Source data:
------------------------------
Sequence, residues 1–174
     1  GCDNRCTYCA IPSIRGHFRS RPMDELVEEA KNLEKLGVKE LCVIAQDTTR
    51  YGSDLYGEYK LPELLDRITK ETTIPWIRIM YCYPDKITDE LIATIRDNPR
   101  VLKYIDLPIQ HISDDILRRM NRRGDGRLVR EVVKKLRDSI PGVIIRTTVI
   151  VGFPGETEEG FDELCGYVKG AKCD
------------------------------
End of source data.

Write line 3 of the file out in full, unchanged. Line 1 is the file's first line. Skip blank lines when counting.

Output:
    51  YGSDLYGEYK LPELLDRITK ETTIPWIRIM YCYPDKITDE LIATIRDNPR